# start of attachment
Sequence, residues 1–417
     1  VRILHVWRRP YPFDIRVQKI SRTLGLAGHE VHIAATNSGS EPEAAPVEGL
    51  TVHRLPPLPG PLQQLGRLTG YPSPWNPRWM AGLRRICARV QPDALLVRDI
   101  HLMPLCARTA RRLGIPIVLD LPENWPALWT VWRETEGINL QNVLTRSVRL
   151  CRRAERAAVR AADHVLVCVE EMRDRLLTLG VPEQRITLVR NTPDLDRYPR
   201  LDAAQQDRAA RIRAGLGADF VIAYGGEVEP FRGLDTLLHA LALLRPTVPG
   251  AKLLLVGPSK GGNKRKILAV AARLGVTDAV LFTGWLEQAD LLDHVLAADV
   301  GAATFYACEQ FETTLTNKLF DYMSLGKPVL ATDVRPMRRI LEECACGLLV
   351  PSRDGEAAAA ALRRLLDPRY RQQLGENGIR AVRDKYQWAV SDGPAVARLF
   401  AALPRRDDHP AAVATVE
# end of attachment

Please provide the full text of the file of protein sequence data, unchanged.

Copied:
Sequence, residues 1–417
     1  VRILHVWRRP YPFDIRVQKI SRTLGLAGHE VHIAATNSGS EPEAAPVEGL
    51  TVHRLPPLPG PLQQLGRLTG YPSPWNPRWM AGLRRICARV QPDALLVRDI
   101  HLMPLCARTA RRLGIPIVLD LPENWPALWT VWRETEGINL QNVLTRSVRL
   151  CRRAERAAVR AADHVLVCVE EMRDRLLTLG VPEQRITLVR NTPDLDRYPR
   201  LDAAQQDRAA RIRAGLGADF VIAYGGEVEP FRGLDTLLHA LALLRPTVPG
   251  AKLLLVGPSK GGNKRKILAV AARLGVTDAV LFTGWLEQAD LLDHVLAADV
   301  GAATFYACEQ FETTLTNKLF DYMSLGKPVL ATDVRPMRRI LEECACGLLV
   351  PSRDGEAAAA ALRRLLDPRY RQQLGENGIR AVRDKYQWAV SDGPAVARLF
   401  AALPRRDDHP AAVATVE